OSVs were not originally included in the ACP's framework because they were not generally intended or designed for international service. During development of the ACP in the mid 1990's, industry did not demonstrate an interest in conforming OSVs to SOLAS requirements. The operational climate of the offshore industry has since changed and the Coast Guard sees a legitimate need to amend the regulations.
This rule expands the ACP's applicability. The ACP is intended to provide regulatory flexibility for U.S. Flag vessels while providing a progressive level of safety that is aligned with recognized international standards. Furthermore, the ACP allows the Coast Guard to be more efficient with its resources; thus enabling the allocation of resources to high-risk marine safety concerns.
The Coast Guard has been a proponent for increasing regulatory flexibility while also progressively improving marine safety. The ACP has proven successful over the last five years and its expansion to include OSVs has the potential to significantly increase the program's vessel enrollment as well as to provide a stimulus for SOLAS conformity within the OSV fleet. The Coast Guard considers this amendment to be a safe and non-controversial course of action.
Discussion of Rule
This rule does not change any substantive requirements of the existing regulations. This rule applies to U.S. Flag OSVs certificated for international voyages and classed by a recognized classification society that is authorized by the Coast Guard to participate in the ACP as specified in 46 CFR part 8. Start Printed Page 53544
Specifically, this rule is intended to amend 46 CFR part 126, subpart B, concerning the compliance standards for a Certificate of Inspection (COI) for OSVs. This rule provides a means of alternate compliance for OSVs in place of compliance with the subchapter's other applicable provisions. Under this rule, the owner or operator of a vessel subject to plan review and inspection under subchapter L for initial issuance or renewal of a COI may comply with the ACP provisions of 46 CFR part 8 including approved classification society rules and supplements as referenced.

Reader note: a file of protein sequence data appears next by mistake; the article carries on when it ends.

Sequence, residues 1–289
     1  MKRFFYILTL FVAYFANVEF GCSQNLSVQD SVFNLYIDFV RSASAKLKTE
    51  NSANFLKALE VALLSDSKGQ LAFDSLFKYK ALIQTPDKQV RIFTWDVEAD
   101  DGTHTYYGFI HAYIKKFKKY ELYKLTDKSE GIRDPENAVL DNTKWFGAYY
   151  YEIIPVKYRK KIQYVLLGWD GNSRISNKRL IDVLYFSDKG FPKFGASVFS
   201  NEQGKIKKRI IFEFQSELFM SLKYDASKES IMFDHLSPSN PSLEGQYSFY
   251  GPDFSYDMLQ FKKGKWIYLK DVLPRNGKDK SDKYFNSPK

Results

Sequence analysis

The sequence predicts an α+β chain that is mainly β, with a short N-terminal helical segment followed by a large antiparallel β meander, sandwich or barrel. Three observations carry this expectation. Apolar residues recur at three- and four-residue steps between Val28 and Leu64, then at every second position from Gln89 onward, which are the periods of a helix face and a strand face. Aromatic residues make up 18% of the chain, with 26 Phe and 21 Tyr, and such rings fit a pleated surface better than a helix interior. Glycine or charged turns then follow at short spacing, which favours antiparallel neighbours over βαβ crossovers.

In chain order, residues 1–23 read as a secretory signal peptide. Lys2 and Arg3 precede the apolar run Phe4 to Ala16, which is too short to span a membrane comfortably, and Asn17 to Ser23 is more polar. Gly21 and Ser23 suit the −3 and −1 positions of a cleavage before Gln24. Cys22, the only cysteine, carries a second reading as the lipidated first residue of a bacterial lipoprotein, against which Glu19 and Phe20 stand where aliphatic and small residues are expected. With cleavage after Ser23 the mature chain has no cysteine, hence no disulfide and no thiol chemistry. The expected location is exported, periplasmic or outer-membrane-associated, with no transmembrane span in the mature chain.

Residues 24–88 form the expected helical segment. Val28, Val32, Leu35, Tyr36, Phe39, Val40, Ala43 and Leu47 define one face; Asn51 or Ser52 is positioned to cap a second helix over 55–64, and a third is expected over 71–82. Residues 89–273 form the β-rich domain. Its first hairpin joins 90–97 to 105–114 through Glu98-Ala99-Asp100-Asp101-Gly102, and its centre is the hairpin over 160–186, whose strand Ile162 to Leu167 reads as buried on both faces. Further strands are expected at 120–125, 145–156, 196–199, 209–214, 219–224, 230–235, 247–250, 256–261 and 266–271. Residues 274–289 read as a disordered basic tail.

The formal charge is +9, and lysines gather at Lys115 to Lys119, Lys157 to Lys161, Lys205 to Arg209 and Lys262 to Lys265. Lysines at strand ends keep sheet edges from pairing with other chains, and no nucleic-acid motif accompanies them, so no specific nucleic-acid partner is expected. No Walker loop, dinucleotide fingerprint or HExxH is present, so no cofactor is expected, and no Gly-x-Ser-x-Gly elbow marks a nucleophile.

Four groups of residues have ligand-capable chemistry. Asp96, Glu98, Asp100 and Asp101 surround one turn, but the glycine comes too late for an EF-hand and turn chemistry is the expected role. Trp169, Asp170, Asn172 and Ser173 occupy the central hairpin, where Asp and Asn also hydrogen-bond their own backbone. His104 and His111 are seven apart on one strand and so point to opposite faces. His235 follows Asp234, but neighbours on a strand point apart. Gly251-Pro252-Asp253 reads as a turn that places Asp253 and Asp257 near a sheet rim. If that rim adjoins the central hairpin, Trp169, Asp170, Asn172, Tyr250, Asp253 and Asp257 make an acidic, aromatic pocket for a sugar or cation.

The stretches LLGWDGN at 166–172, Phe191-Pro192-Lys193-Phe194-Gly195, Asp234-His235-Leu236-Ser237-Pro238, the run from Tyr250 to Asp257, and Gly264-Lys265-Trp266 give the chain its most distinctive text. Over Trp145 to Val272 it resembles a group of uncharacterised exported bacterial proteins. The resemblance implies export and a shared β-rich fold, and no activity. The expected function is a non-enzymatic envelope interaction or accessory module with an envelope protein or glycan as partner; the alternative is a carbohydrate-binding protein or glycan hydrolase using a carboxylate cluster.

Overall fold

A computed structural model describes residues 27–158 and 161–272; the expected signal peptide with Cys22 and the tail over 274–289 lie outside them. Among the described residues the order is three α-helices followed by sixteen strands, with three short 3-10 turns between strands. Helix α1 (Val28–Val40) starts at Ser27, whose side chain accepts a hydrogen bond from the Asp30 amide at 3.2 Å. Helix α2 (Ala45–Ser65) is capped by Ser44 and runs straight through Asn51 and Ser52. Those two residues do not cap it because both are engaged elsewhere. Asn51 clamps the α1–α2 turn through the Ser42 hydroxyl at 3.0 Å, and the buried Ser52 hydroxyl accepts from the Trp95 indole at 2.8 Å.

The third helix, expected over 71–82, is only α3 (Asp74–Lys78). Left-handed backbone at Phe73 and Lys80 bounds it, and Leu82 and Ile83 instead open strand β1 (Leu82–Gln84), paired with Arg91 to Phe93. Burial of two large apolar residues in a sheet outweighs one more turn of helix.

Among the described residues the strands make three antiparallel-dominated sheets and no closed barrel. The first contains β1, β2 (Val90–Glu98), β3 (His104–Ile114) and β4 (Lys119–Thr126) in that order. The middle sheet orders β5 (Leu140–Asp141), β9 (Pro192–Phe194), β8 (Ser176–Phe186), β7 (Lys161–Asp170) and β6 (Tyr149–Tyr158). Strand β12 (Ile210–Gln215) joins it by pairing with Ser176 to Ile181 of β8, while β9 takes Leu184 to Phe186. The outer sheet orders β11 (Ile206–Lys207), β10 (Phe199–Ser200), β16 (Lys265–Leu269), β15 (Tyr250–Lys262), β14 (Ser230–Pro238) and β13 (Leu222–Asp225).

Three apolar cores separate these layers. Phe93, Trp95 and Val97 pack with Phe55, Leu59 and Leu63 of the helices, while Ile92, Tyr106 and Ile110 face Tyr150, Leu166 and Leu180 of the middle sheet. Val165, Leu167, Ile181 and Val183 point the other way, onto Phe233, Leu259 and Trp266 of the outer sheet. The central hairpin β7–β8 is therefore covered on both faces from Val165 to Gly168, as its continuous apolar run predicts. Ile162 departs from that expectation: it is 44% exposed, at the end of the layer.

This rule is not considered to be a “significant regulatory action” under section 3(f) of Executive Order 12866 and does not require an assessment of potential costs and benefits under section 6(a)(3) of that Order. The Office of Management and Budget has not reviewed it under that Order. It is not “significant” under the regulatory policies and procedures of the Department of Transportation (DOT)[44 FR 11040 (February 26, l979)]. The Coast Guard expects the economic impact of this rule to be so minimal that a full Regulatory Evaluation under paragraph 10e of the regulatory policies and procedures of DOT is unnecessary. It will not impose any costs on the public because it enables a voluntary alternative to another prescribed method of inspection.